I had my worries that the second issue of Blackacre would suffer through a bit of a sophomore slump. What made the first issue exceptional was the subtext of the plot as well as the plot and characters themselves. It was a commentary on modern socio-political inequalities, economic abuses and the unsustainable state of affairs that exists in present day America. And it would have been easy to set this aside, at least for a few issues, to focus on developing its story. And “Blackacre” does develop in issue #2, but it also retains and expands upon the subtext present in the first issue. This isn’t a step back; if anything, this is an improvement.
WRITTEN BY: Duffy Boudreau
ART BY: Wendell Cavalcanti
PUBLISHER: Image Comics
RELEASE DATE: January 2nd, 2013
Issue two of “Blackacre” picks up pretty much were issue one left off; Hull, a soldier at the eponymous post-apocalyptic stronghold, is off on a mission to retrieve Greene, a fellow soldier gone missing in the wasteland that was America. Little does Hull know that the tracking device planted on him by Sinclair, a superior with eyes towards obtaining more power within Blackacre, is actually a bomb that will detonate when he finds Greene. In addition, there’s a side-plot involving a refugee family captured by a fanatical religious group; they appear to be the only powerful group beyond the walls of Blackacre, and use this power to enslave or kill whomever they come across.
The opening scene depicts Hull on patrol with Greene before the latter’s departure, engaged in a conversation about the nature of their role in the world. Greene is clearly beginning to question the justification behind Blackacre’s excesses, and even its very existence. It’s become obvious that Greene has left Blackacre voluntarily, although this is not depicted, out of ethical objections to the nature of the morbid disparity between the palaces of Blackacre and the desolate wastelands filled with starving, desperate travelers, and the willingness of his superiors to use violence to maintain this disparity. It gives us our first introduction to Greene, and establishes Hull’s relatively indifferent attitude to the horrors that he perpetuates.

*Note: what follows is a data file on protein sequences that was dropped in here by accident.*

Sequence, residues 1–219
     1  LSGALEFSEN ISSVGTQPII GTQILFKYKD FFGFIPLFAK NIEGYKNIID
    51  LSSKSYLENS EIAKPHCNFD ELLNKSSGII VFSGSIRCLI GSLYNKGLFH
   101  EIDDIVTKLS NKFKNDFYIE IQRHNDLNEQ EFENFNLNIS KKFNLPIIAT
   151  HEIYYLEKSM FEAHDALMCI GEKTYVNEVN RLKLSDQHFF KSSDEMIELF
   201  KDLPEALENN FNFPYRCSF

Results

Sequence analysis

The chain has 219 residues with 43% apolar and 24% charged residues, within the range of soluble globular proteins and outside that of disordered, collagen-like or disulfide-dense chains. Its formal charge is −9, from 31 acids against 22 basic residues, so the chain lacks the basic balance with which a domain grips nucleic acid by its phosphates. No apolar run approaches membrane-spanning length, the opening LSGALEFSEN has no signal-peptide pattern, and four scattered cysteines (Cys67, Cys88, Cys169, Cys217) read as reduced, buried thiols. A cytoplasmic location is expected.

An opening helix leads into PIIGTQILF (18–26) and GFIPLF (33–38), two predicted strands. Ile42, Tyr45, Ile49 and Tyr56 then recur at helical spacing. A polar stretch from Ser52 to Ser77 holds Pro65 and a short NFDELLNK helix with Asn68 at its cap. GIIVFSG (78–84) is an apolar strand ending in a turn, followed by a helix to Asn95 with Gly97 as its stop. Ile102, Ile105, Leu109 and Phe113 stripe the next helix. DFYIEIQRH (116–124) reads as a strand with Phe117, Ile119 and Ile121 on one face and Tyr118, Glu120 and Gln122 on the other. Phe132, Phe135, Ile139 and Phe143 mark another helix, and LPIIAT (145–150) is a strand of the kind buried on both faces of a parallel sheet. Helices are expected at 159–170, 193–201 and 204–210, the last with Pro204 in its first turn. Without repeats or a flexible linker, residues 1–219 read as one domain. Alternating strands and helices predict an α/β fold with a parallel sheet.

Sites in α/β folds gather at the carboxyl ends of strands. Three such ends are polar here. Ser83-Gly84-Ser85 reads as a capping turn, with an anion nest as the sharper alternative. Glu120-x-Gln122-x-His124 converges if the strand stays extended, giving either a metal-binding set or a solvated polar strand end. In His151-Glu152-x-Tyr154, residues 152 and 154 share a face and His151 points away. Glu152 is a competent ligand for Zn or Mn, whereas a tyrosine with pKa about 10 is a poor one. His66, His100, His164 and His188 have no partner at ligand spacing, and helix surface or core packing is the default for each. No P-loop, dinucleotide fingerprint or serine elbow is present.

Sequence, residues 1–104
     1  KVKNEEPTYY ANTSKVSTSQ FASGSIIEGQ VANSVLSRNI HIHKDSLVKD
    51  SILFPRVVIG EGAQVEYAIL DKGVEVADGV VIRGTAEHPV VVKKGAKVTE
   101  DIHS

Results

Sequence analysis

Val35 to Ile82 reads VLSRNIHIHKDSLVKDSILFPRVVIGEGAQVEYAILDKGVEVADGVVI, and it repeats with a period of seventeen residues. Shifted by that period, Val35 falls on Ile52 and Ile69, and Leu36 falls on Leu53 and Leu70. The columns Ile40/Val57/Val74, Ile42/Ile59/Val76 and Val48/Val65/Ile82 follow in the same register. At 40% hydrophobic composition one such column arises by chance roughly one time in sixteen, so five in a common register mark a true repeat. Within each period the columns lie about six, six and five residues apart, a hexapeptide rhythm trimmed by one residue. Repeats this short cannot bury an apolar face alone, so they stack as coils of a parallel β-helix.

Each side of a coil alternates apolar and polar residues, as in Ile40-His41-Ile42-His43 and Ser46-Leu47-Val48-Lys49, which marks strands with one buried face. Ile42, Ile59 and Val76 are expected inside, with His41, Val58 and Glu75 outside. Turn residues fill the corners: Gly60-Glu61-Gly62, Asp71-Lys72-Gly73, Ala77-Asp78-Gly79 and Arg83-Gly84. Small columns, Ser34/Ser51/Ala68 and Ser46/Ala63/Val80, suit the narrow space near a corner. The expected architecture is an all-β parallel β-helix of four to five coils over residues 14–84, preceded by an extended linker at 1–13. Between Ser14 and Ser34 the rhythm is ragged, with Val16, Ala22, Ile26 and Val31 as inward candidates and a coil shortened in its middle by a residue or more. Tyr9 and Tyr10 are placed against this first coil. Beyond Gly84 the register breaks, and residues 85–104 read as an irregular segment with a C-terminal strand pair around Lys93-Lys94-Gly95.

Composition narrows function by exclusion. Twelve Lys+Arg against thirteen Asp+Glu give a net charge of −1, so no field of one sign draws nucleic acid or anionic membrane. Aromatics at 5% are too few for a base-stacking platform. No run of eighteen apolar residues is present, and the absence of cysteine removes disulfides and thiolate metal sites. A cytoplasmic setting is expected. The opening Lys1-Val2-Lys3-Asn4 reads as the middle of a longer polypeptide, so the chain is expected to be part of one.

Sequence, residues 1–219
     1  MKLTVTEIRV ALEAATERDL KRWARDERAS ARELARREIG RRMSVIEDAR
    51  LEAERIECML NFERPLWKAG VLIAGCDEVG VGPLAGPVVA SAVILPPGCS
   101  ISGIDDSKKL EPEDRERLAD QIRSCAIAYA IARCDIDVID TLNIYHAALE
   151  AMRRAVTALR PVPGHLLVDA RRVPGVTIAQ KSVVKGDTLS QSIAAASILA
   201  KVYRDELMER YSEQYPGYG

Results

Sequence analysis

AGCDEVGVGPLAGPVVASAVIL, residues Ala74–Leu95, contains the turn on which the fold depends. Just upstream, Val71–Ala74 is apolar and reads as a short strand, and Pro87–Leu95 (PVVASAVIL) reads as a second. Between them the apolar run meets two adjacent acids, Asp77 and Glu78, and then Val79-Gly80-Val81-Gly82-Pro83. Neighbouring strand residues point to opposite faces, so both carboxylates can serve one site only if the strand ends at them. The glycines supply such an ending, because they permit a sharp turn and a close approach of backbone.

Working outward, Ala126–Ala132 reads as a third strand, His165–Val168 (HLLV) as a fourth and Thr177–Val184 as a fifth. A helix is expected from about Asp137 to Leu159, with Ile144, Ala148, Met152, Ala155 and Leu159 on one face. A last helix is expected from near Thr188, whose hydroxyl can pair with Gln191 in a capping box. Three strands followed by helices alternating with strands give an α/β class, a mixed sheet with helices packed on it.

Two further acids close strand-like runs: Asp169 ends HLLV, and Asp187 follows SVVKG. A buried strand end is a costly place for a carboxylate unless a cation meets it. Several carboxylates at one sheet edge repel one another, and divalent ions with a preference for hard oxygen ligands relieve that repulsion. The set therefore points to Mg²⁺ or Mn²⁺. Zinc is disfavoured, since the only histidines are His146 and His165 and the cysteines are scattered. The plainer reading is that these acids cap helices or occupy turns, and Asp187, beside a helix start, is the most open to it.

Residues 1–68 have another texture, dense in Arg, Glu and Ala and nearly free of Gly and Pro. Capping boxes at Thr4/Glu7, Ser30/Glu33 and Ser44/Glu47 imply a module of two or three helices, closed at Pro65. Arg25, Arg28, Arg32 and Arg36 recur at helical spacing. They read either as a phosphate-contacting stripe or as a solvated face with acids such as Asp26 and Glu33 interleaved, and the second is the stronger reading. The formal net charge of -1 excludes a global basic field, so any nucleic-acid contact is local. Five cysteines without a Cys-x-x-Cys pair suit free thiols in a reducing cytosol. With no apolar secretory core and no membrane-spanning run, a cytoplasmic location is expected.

Wendell Cavalcanti’s art is better this time around. The inconsistencies that were present in his first issue are essentially gone. His characters are solid, and his environments are getting better. Perhaps where he’s most improved are in his facial animations and the sense of scale and impact he manages to convey in a few particular panels, which really emphasize certain scenes well.
It doesn’t take a genius to read this as a direct criticism of US economic policies, the relative indifference of the affluent towards the almost-comical disparity in income that has become exacerbated in the past few decades, and the willingness of power, whether in the form of government, private corporations or religion, to utilize its most base form – force – to maintain the favorable status quo. But even if you don’t pick up on the political subtext and commentary, this is still an excellent comic because of the strong story, characters and improving artwork. This is becoming one of the better comics Image is putting out… and it’s only issue two.
Reviewed by – George Shunick
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